1698.HK TME.US

China’s leading online music platform disappointed investors with its latest results that show its revenue flatlined in the fourth quarter amid growing competition

Key Takeaways:

  • Tencent Music’s revenue fell slightly in last year’s fourth quarter, but its profit more than doubled thanks to aggressive cost cuts
  • Following positive response to its self-developed virtual idols, the company hopes to explore new opportunities using AI generated content


By Fai Pui

A double-whammy of Covid restrictions and regulatory tightening has forced China’s tech titans – once accustomed to the freewheeling ways of China’s internet – to change their tune by controlling costs as growth slows. Tencent Music Entertainment Group (TME.US; 1698.HK), China’s equivalent of Spotify, is a case in point of a new theme song coming from the group, seeking to boost profits through frugality.

The company’s fourth-quarter earnings report released last Tuesday may have delighted some investors with its bottom line, as its net profit soared 115% year-over-year to 1.15 billion yuan ($167 million). But its top line revenue moved the other way, declining 2.4% year-on-year to 7.43 billion yuan.

Its full-year performance showed similar trends, with profit up 21.4% to 3.68 billion yuan even as its revenue slumped by 10% to 28.34 billion yuan. Such profit growth without revenue gains wasn’t what investors were looking for. Tencent Music’s shares plunged up to 14% in New York the day the results came out, and closed down 9.2%, even as the company announced a new $500 million share buyback.

Major cost cuts

Tencent Music could boost its profits so much in the face of declining revenue due to aggressive cost cuts. The company’s operating expenses fell 25.1% to 1.36 billion yuan in the fourth quarter, with sales and marketing expenses down by an even sharper 64.5% year-on-year, mainly due to some optimization initiatives.

Tencent Music has shifted its strategy this past year from winning new subscribers to boosting the quality of existing subscribers. That’s reflected in the 16.1% growth in paid subscribers for its three platforms, QQ Music, Kugou Music and Kuwo Music, in the fourth quarter, which reached a record 88.5 million during the period. Average revenue per paying user (ARPPU) from those paid subscribers also rose 4.7%, driving online music services revenue growth of more than 20%.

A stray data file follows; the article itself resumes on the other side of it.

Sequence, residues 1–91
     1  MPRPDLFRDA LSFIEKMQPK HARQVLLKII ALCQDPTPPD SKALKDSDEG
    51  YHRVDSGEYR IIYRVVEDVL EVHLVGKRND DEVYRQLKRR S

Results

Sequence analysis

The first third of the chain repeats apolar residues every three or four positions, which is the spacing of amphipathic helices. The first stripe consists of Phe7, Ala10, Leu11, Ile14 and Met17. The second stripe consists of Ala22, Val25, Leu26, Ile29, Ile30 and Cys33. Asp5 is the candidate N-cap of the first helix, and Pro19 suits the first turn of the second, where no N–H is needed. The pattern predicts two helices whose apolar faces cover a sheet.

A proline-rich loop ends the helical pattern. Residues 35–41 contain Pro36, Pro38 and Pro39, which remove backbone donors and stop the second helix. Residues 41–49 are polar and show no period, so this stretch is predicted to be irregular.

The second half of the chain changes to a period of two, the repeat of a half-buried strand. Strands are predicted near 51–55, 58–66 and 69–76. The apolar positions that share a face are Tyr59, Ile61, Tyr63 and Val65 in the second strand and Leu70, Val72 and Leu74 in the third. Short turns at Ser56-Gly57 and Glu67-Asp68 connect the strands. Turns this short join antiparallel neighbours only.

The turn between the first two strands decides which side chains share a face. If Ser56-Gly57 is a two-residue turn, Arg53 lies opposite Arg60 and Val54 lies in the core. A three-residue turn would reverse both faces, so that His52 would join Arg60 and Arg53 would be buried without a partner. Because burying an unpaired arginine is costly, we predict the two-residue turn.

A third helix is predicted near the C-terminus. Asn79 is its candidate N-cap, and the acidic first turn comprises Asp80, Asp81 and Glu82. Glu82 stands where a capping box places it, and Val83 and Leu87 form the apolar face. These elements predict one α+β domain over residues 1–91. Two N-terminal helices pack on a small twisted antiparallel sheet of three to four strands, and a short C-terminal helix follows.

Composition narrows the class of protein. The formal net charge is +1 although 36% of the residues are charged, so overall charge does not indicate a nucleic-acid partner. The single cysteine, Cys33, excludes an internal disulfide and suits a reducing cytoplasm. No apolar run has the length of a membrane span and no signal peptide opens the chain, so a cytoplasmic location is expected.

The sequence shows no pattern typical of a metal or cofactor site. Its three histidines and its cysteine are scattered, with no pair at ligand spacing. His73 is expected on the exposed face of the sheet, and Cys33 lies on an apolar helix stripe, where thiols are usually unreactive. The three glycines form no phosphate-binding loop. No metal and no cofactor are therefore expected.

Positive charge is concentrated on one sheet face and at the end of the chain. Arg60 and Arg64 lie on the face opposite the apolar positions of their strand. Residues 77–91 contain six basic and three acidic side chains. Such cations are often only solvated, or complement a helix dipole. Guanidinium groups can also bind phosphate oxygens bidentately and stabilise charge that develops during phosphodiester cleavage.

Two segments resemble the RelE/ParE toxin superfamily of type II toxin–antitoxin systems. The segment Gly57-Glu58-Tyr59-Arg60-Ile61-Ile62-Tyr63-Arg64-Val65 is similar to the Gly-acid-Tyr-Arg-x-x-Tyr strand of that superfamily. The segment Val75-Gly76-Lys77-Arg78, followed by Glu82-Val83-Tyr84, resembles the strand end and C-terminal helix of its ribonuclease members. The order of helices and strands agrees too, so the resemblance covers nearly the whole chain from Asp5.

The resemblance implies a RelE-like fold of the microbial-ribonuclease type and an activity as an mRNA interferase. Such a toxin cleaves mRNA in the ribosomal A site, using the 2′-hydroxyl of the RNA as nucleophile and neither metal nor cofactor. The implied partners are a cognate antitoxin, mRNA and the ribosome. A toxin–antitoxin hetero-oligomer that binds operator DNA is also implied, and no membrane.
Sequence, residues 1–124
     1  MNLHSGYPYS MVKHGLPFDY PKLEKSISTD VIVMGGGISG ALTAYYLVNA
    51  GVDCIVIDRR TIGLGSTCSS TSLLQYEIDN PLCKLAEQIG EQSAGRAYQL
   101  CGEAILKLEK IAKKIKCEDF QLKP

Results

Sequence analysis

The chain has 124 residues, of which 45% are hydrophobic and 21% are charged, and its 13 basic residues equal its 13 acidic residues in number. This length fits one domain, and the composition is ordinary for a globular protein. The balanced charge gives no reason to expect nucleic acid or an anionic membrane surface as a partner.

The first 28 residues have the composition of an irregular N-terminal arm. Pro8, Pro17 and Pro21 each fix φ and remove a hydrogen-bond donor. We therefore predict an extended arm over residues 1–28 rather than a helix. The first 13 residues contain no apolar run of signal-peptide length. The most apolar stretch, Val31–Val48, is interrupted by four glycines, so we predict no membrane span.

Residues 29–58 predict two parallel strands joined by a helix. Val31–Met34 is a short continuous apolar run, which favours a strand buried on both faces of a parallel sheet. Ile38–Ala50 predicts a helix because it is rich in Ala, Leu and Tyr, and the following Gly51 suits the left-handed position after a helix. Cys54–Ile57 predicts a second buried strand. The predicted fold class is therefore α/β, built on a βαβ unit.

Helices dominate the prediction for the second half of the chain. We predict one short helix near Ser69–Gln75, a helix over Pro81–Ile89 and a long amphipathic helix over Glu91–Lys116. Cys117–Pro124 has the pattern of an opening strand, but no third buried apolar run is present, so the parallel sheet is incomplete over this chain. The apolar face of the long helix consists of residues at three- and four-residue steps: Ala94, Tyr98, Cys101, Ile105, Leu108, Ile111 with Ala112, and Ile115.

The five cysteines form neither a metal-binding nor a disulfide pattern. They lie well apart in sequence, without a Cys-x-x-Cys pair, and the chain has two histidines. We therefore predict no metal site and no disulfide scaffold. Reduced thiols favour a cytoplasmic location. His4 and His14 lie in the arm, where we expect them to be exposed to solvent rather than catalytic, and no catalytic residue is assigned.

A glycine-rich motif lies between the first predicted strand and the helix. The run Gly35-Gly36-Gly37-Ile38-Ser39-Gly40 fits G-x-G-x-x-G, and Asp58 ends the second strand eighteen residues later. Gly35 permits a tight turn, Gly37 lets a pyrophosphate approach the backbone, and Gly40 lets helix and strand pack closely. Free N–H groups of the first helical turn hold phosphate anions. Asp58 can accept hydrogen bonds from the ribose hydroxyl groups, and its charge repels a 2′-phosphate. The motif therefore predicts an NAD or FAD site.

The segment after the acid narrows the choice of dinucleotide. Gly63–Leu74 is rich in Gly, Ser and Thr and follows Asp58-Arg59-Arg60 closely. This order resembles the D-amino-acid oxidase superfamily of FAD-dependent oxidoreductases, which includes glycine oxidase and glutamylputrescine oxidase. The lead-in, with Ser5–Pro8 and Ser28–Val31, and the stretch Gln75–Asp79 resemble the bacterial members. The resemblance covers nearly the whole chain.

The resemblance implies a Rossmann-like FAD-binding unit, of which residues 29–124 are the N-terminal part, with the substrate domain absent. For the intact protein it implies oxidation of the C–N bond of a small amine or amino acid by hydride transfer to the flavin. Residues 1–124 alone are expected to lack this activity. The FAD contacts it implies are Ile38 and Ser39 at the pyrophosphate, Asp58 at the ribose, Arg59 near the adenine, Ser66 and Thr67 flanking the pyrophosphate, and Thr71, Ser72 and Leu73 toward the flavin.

While all that may look good for the company’s longer-term prospects, analysts used to breakneck growth by China’s tech firms are more mixed on Tencent Music. Citi has a “neutral” rating on the company, even though its fourth-quarter revenue and profit performance beat its expectations and company managers were confident that revenue and profit would grow more in tandem this year, with online music services revenue expected to rise by more than 20%.

Daiwa was more upbeat with a “buy” rating on the company, encouraged by its improved fundamentals and the announcement of the new buyback plan. It maintained a target price of HK$42 for Tencent Music’s Hong Kong shares, implying 40% upside from the stock’s current level.

Tencent Music’s latest price-to-earnings (P/E) ratio is around 23 times, while its price-to-sales ratio is 3.2. That’s far higher than the P/S ratio of 1.4 for rival Cloud Music (9899.HK), which is still in the red. Tencent Music is also valued more highly than international peers Spotify (SPOT.US) and Deezer (DEEZR.PA), at 2 times and 0.54 times, respectively. That indicates that even though investors weren’t so happy with the company’s latest results, they still see it as China’s clear industry leader.